Mississauga residents urged to find out how their tax dollars are spent

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Published September 1, 2021 at 4:50 pm

The City of Mississauga is inviting residents to take part in its 2022 budget process.

For many people, dealing with their own personal budget is enough to quickly bring about a cold sweat. 

Well, what about trying your hand at a $554-million financial plan?  

That figure represents the City of Mississauga’s 2021 net operating budget, passed earlier this year with the intention, City officials will tell you, of delivering the biggest bang for residents’ bucks. 

And as the City now turns its attention to preparing its 2022 budget, officials are urging Mississauga residents to become involved in the process. By doing so, they say, residents will more fully understand the City’s spending habits and what it costs to pay for important services such as transit, roads, emergency services, snow clearing and a wide range of community services including libraries and animal services. 

Citizen participation in the City’s business planning and budget process is key, Mississauga officials say. 

“It improves your understanding of what you get for your property tax dollars and helps us continue to prepare the budget in transparent fashion,” the City says. “The City’s business plan and budget helps us deliver services and infrastructure that people use every day. It also ensures we deliver value for money and that your tax dollars are spent wisely.” 

 

Mississauga is holding a series of budget committee meetings over the next several months, beginning with an Oct. 6 session. Residents can watch the meetings online and participate by asking questions during public question period.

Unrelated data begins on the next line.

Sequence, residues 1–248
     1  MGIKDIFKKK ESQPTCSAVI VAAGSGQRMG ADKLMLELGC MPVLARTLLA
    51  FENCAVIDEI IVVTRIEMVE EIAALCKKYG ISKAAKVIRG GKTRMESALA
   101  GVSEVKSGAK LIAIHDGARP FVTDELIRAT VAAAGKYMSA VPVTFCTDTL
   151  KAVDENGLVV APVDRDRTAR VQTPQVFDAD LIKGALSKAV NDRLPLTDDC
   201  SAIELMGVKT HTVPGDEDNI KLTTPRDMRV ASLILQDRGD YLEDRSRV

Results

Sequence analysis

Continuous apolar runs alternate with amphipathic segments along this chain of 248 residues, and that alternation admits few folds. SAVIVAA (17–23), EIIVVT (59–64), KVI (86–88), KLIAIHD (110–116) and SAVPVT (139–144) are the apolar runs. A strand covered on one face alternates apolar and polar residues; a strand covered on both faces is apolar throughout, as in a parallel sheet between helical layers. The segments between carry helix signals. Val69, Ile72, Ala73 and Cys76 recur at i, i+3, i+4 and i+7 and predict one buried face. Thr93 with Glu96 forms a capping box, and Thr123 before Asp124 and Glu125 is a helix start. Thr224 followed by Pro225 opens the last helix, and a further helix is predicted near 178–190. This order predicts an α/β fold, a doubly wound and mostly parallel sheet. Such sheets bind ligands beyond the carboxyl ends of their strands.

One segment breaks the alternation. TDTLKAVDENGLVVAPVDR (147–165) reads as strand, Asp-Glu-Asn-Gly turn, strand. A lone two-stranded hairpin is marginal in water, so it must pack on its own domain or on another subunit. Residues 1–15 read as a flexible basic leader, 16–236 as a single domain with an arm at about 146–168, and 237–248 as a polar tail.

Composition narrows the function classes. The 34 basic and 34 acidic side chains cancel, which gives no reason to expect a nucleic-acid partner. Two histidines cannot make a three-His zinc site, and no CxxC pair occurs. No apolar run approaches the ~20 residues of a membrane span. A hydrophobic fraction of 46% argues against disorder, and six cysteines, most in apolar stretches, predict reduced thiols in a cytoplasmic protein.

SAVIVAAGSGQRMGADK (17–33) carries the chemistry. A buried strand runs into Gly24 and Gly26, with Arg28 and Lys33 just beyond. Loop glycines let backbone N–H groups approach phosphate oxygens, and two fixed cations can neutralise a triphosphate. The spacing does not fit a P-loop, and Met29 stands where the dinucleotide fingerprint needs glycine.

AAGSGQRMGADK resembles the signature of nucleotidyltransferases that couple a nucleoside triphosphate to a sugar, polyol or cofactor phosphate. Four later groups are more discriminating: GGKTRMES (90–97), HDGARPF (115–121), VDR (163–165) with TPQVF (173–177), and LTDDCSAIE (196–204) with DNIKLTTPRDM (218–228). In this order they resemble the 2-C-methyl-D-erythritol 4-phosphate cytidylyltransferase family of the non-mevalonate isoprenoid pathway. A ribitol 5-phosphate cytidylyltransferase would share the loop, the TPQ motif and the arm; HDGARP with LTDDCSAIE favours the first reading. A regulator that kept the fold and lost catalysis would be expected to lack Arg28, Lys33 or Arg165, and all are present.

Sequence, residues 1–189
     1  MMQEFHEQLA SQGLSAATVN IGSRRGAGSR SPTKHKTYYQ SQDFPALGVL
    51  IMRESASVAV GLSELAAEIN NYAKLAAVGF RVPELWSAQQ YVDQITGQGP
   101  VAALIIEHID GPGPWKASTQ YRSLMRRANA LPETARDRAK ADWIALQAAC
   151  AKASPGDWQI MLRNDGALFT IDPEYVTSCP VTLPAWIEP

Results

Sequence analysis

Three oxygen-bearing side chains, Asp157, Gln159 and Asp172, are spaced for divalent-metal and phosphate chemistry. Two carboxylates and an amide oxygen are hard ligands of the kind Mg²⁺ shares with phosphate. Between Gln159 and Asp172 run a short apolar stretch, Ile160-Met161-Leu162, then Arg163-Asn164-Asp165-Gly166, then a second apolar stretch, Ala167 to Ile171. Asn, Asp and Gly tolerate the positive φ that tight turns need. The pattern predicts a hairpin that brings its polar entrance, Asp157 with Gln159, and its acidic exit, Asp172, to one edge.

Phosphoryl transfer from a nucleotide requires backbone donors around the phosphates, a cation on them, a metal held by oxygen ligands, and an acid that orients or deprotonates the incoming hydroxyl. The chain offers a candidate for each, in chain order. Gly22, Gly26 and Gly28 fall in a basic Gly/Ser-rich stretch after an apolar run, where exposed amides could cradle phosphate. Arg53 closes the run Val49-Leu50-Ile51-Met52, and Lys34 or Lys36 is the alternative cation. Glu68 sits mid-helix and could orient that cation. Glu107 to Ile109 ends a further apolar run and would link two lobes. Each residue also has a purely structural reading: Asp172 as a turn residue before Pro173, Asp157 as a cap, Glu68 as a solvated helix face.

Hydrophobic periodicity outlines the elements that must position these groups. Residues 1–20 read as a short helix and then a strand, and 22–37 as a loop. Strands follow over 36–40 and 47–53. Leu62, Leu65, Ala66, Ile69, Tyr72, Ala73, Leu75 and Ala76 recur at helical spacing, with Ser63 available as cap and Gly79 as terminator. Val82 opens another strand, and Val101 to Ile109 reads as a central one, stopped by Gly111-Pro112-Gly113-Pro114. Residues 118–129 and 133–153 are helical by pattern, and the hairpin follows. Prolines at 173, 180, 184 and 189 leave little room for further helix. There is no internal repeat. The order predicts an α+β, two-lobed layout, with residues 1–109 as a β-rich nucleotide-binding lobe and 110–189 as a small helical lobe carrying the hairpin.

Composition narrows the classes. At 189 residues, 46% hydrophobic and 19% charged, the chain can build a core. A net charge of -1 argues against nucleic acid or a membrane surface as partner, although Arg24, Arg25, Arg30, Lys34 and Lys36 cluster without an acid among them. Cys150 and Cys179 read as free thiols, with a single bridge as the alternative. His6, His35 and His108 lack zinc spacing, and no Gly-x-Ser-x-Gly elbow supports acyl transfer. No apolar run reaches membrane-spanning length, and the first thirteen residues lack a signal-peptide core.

In the meantime, the City urges people to visit its website and do a quick search of “how the city budget works.” That will take visitors to a two-minute video explaining budget basics. Much more information on the budget is also available on those pages. 

Despite the availability of information, the vast majority of residents tend to take a pass on becoming involved in the process. 

Randy Besco, an assistant professor of political science at University of Toronto Mississauga, says people avoid participating in municipal government matters for several reasons. Furthermore, he notes that interest in municipal politics, generally speaking, is lower than that of provincial or federal politics. 

“This is partly because it is portrayed in the media as less important,” said Besco. “It can seem confusing and difficult—and often it is.” 

And while public consultation can be effective, Besco adds it’s important to keep in mind that such endeavours are usually biased toward people who are older, wealthier and have more time. 

“Young, low income, and new immigrants are often unable to participate,” he said.  

Additionally, he noted, “people who care a lot about certain issues are also more likely to participate, and the ‘loud minority’ can lead to policy that ignores the needs of the majority of residents.” 

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